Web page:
Another suitable material is a polyester block amide copolymer having the formula: ##STR1## where n is a positive integer, PA represents a polyamide polymer segment and PE represents a polyether polymer segment. In particular, the polyether block amide copolymer has a melting point of from about 150° C. to about 170° C., as measured in accordance with ASTM D-789; a melt index of from about 6 grams per 10 minutes to about 25 grams per 10 minutes, as measured in accordance with ASTM D-1238, condition Q (235 C/1 Kg load); a modulus of elasticity in flexure of from about 20 Mpa to about 200 Mpa, as measured in accordance with ASTM D-790; a tensile strength at break of from about 29 Mpa to about 33 Mpa as measured in accordance with ASTM D-638 and an ultimate elongation at break of from about 500 percent to about 700 percent as measured by ASTM D-638. A particular embodiment of the polyether block amide copolymer has a melting point of about 152° C. as measured in accordance with ASTM D-789; a melt index of about 7 grams per 10 minutes, as measured in accordance with ASTM D-1238, condition Q (235 C/1 Kg load); a modulus of elasticity in flexure of about 29.50 Mpa, as measured in accordance with ASTM D-790; a tensile strength at break of about 29 Mpa, a measured in accordance with ASTM D-639; and an elongation at break of about 650 percent as measured in accordance with ASTM D-638. Such materials are available in various grades under the trade designation PEBAX® from ELF Atochem Inc. of Glen Rock, N.J. Examples of the use of such polymers may be found in U.S. Pat. Nos. 4,724,184, 4,820,572 and 4,923,742 hereby incorporated by reference in their entirety, to Killian et al. and assigned to the same assignee as this invention.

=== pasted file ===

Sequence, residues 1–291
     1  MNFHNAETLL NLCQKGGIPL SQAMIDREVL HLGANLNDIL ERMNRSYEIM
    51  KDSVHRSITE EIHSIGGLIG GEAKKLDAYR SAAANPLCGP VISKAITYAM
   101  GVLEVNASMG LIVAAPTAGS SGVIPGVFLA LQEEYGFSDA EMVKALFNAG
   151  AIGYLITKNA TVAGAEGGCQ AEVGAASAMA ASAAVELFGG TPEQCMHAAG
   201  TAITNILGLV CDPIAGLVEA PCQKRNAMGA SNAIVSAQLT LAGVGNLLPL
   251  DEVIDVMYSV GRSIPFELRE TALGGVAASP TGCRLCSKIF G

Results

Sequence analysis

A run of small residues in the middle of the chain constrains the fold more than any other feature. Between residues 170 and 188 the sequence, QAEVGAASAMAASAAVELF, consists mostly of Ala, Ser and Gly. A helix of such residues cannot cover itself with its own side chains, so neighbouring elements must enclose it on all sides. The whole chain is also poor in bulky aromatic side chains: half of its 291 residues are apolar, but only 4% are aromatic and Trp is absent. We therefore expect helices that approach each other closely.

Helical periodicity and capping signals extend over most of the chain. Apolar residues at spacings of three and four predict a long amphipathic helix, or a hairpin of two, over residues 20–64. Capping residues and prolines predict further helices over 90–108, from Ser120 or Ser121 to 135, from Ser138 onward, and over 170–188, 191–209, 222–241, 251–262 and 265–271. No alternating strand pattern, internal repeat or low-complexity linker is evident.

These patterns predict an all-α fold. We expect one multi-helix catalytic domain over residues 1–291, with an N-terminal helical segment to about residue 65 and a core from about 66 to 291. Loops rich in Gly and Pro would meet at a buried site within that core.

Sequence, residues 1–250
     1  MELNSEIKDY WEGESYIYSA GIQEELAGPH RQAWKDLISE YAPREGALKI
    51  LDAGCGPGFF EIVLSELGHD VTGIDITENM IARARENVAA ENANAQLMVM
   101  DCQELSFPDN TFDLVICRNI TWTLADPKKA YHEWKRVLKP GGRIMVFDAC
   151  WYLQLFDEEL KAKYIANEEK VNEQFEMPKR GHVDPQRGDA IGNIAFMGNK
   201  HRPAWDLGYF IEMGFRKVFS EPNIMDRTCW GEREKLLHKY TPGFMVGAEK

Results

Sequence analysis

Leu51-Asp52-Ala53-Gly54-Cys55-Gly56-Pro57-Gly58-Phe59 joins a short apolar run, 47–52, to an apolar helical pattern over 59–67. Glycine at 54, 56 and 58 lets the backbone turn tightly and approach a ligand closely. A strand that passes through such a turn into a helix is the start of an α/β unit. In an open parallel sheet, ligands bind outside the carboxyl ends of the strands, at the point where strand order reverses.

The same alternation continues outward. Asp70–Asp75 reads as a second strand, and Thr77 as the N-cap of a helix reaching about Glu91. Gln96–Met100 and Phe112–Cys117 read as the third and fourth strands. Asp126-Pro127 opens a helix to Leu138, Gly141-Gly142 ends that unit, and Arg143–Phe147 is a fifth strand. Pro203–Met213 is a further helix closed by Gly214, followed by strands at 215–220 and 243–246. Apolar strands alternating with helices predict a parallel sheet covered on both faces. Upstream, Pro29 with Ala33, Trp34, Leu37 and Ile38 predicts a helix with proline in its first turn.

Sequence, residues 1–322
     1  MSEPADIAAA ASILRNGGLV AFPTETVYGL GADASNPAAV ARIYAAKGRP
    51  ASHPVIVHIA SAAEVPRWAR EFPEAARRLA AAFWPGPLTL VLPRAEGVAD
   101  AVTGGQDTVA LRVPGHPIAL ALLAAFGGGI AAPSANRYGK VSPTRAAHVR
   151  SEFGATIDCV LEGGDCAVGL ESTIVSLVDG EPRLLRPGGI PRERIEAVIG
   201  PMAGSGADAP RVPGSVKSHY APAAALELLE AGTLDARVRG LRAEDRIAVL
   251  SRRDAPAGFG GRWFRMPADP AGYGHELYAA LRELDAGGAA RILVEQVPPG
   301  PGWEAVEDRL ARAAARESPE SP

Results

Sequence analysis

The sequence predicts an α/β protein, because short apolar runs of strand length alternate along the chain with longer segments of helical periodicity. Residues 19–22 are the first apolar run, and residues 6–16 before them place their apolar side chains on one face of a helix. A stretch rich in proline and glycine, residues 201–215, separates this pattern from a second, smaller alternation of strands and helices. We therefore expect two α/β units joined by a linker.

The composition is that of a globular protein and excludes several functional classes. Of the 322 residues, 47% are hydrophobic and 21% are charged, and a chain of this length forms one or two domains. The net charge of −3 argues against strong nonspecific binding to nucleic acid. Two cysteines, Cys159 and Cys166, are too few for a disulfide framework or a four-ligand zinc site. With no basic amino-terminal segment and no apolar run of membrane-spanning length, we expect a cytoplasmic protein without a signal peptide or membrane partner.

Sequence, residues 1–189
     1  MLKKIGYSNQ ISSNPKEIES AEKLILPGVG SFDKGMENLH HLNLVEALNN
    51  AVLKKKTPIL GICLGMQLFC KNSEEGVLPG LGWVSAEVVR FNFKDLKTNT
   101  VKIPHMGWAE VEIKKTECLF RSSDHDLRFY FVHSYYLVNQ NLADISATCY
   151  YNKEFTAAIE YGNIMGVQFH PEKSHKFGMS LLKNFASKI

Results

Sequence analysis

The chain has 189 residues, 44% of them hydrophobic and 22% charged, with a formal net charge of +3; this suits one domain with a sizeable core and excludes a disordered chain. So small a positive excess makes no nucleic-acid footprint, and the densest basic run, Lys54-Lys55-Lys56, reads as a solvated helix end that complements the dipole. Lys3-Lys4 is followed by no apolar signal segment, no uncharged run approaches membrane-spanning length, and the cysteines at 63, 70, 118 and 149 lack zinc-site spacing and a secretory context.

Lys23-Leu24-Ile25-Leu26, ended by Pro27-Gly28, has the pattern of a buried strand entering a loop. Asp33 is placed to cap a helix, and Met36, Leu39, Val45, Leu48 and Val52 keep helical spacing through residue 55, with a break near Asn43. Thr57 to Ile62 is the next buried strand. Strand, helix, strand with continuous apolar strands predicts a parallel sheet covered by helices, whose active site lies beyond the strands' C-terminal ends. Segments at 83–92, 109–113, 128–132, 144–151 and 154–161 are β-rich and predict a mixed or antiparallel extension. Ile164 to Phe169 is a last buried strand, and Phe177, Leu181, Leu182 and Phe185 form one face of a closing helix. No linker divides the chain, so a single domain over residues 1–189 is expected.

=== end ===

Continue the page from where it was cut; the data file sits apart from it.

Elastomeric polymers also include copolymers of ethylene and at least one vinyl monomer such as, for example, vinyl acetates, unsaturated aliphatic monocarboxylic acids, and esters of such monocarboxylic acids. The elastomeric copolymers and formation of elastomeric nonwoven webs from those elastomeric copolymers are disclosed in, for example, U.S. Pat. No. 4,803,117.
The thermoplastic copolyester elastomers include copolyetheresters having the general formula: ##STR2## where "G" is selected from the group consisting of poly(oxyethylene)-alpha,omega-diol, poly(oxypropylene)-alpha,omega-diol, poly(oxytetramethylene)-alpha,omega-diol and "a" and "b" are positive integers including 2, 4 and 6, "m" and "n" are positive integers including 1-20. Such materials generally have an elongation at break of from about 600 percent to 750 percent when measured in accordance with ASTM D-638 and a melt point of from about 350° F. to about 400° F. (176 to 205° C.) when measured in accordance with ASTM D-2117.
Commercial examples of such copolyester materials are, for example, those known as ARNITEL®, formerly available from Akzo Plastics of Arnhem, Holland and now available from DSM of Sittard, Holland, or those known as HYTREL® which are available from E. I. duPont de Nemours of Wilmington, Del. Formation of an elastomeric nonwoven web from polyester elastomeric materials is disclosed in, for example, U.S. Pat. No. 4,741,949 to Morman et al. and U.S. Pat. No. 4,707,398 to Boggs, hereby incorporated by reference.
Suitable elastomeric polymers also include a relatively new class of polymers which has excellent barrier, breathability and elasticity. The new class of polymers have a narrow polydispersity number, e.g.; Mw/Mn is 4 or less and may be produced according to the metallocene process.
The metallocene process generally uses a catalyst which is activated, i.e. ionized, by a co-catalyst. An exhaustive list of such compounds is included in U.S. Pat. No. 5,374,696 to Rosen et al. and assigned to the Dow Chemical Company. Such compounds are also discussed in U.S. Pat. No. 5,064,802 to Stevens et al. and also assigned to Dow.
The metallocene process is the subject of a number of patents, for example, U.S. Pat. No. 4,542,199 to Kaminsky et al., U.S. Pat. No. 5,189,192 to LaPointe et al., U.S. Pat. No. 5,352,749 to Exxon Chemical Patents, Inc., U.S. Pat. Nos. 5,278,272 and 5,272,236, both to Lai et al., U.S. Pat. No. 5,204,429, and U.S. Pat. No. 5,349,100.